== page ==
HUD Mulling Plan to Convert Select Student Housing to Serve COVID-19 Patients

Leading multifamily finance firm Walker & Dunlop pitched a preliminary plan to HUD over the weekend that has been taken to the White House for consideration.


Over the weekend, the U.S. Department of Housing and Urban Development (HUD) was in talks on a preliminary proposal from prominent national multifamily financier Walker & Dunlop that would target location-specific, off-campus student housing properties near universities and medical centers for conversion to medical use in order to serve patients of COVID-19 and help support the supply of hospital beds in the U.S., Commercial Observer has learned. 

Sources who spoke with CO said that the initial idea that was presented to HUD — which was quickly advanced to the White House for consideration, sources said — would cost around $180 million and target 50 properties comprising around 300 units each. The plan would be to find private-sector owners of off-campus student housing to buy into master leasing select properties for a year at around $1,000 per bed to help support an expected influx in COVID-19 patients who will need medical attention. 

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Walker & Dunlop Chairman and CEO Willy Walker confirmed the proposal via a company-hosted webcast this afternoon titled “Navigating the Markets” that delved into how to handle the fallouts from the pandemic.

While the initial plan was just recently conceived and would eventually be more comprehensive, around 15,000 beds would be added to the country’s current hospital bed capacity. The plan would mean partnering with nearby medical facilities to staff and supplement the properties with the necessary medical machinery, like ventilators and respirators — equipment that countries like Italy have had to ration the use of due to demand and a lack of resources.

Many universities across the country have shuttered for the rest of the year and have asked students to vacate on-campus housing; just today it was reported that Boston University announced that students have until Sunday to vacate on-campus dorms. Industry observers have seen many students vacate off-campus housing as well. It would be up to the student housing operators who agree to participate to turn over any remaining tenants. 

Right now, the U.S. has 2.8 hospital beds per 1,000 people, according to recent data from the Organization for Economic Co-operation and Development (OECD) that was reported by The Washington Post last Friday. That is compared to South Korea’s 12 beds per 1,000 people, China’s 4.3 beds and Italy’s 3.2 beds. As per recently released 2020 data from the American Hospital Association, the U.S. currently has around 924,100 staffed hospital beds serving a variety of medical practices, and it has just around 98,000 total beds for a range of intensive care uses. 

Intensive care beds have been flooded due to the virus. Adding 15,000 beds for quarantined COVID-19 health services would represent a 15 percent jump in supply of in-demand intensive care beds.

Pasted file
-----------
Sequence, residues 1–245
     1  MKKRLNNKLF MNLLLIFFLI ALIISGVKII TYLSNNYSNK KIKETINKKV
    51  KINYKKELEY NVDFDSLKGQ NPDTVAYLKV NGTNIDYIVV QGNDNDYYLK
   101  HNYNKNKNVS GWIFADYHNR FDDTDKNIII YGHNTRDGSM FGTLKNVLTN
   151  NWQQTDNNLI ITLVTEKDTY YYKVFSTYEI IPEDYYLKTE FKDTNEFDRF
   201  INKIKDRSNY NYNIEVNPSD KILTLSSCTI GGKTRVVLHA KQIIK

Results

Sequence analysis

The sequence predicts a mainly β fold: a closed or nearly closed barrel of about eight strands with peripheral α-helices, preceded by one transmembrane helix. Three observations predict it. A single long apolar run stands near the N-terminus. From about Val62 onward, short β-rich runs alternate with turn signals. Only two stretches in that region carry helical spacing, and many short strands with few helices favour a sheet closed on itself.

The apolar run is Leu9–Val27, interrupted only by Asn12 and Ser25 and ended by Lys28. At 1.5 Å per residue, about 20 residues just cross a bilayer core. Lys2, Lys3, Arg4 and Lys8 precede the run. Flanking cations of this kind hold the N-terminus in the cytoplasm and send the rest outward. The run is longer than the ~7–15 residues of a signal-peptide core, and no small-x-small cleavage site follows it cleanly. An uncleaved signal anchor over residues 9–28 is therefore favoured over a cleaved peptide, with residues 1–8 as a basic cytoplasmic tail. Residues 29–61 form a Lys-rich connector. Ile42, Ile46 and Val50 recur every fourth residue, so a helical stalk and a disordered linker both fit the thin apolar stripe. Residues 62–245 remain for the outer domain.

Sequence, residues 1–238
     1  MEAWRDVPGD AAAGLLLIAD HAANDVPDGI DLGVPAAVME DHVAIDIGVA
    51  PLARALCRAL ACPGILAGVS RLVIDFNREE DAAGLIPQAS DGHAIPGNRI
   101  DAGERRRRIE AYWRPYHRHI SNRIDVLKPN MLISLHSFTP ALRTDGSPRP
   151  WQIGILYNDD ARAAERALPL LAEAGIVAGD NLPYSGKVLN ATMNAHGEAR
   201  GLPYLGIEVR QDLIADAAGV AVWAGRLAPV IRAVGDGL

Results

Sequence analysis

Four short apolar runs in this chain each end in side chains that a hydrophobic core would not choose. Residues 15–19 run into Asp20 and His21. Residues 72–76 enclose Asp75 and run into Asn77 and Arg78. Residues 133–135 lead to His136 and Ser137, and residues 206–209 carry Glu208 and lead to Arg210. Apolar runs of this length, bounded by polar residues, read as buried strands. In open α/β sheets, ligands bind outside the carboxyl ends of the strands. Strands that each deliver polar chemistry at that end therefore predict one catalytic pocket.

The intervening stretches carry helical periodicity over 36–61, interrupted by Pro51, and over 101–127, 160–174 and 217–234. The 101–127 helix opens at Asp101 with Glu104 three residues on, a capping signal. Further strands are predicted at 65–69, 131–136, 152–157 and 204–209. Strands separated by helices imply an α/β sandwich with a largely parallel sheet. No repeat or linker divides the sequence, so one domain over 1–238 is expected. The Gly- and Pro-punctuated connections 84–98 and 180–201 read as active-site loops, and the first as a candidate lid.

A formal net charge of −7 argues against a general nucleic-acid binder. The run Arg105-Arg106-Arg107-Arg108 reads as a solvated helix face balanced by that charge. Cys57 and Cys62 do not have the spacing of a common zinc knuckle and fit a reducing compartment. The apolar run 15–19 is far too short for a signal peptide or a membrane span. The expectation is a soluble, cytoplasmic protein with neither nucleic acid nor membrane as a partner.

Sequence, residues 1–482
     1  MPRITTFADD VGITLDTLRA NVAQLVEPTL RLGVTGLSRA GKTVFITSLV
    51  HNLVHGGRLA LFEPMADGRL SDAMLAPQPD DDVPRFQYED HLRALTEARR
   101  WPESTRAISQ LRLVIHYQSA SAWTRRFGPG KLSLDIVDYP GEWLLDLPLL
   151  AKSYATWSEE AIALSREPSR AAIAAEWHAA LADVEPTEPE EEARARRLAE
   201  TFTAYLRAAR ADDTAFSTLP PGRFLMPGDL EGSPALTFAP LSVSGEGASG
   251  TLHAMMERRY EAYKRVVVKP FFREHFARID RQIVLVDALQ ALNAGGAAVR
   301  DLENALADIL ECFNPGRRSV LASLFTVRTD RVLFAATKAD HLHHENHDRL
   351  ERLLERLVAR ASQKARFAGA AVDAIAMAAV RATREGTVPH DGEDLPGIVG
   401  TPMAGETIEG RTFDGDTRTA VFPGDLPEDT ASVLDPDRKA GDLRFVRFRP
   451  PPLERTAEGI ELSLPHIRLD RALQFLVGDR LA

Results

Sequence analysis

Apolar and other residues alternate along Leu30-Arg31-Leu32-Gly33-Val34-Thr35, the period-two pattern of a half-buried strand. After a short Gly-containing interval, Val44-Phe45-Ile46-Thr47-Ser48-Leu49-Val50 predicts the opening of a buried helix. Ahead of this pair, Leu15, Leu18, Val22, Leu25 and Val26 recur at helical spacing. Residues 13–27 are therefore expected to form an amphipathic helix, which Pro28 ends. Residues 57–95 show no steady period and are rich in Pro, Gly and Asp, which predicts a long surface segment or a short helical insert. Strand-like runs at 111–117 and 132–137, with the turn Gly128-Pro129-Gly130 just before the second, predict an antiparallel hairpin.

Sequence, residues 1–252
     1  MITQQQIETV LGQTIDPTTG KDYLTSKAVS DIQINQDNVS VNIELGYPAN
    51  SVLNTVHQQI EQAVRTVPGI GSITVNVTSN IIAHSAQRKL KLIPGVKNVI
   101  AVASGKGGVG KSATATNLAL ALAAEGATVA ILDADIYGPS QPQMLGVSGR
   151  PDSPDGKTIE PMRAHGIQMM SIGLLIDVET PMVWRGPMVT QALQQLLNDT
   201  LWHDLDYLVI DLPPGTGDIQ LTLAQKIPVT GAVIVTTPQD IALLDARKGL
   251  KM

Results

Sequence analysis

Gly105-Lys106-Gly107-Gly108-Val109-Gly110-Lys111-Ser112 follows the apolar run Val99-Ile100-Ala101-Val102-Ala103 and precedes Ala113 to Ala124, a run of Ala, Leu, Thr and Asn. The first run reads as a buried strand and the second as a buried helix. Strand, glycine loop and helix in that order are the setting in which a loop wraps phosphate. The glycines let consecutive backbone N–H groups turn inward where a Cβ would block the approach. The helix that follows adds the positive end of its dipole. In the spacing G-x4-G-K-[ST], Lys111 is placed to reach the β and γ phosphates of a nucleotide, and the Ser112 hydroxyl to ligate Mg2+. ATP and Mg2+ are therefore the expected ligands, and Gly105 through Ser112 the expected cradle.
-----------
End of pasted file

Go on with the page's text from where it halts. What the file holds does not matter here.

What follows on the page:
The idea is underscored by the notion that in many cases student housing properties are already outfitted with many amenities and services that could support health care needs, including separate bathrooms for each unit, elevators, service elevators, outdoor space and in some instances, on-site food and beverage offerings. (Most student housing is built near a suite of demand drivers to help service the needs of the tenants)

The layouts of each facility would be case-by-case, given that some properties are garden-style and include clubhouse areas, while others are built out as single mid-rise and high-rise properties. 

According to recent data released by the Harvard Global Health Institute, about one-fifth of adults who contract the novel coronavirus will need to be hospitalized. Efforts like calls for social distancing and self-quarantine are still being pushed as public health and political officials try to stem the spread of the virus. Harvard Global Health Institute’s data release, delineated and reported yesterday by ProPublica and The New York Times, provided a snapshot of which regions of the country are most likely to come under intense pressure should the percentage of cases in need of critical medical attention spike over the next several months.

This plan is somewhat in opposition to — but would supplement — that of recent strategies being deployed by major retailers like Walmart, Target, CVS and Walgreens, who are now establishing small tent cities in portions of their parking lots to provide drive-thru testing centers. 

Last Friday, during an address announcing a national emergency over the spread of the novel coronavirus, President Donald Trump unveiled the drive-thru testing measure, which was formulated as a quick way to try to screen thousands of Americans. Still, confusion ensued over access to testing kits and who would be tested. Countries like South Korea and Germany have already deployed drive-thru testing. 

A source that spoke to CO said the end goal of the student housing proposal would be to establish a more sensible avenue for quarantined health care, a “safe and distinct area where those affected by COVID-19 can be treated away from other non-affected patients who still need medical attention.”

Currently, there are over 200,000 cases globally, across 155 countries, according to a report this morning from CBS citing data collected by John Hopkins University. As of today, more than 10,000 cases have been confirmed in the U.S. since January, with more than 100 deaths so far, according to CNN reporting gathered from state’s health officials.

CO reached out to both HUD and the White House for comment.

This is a developing story and more information will be added as it becomes available.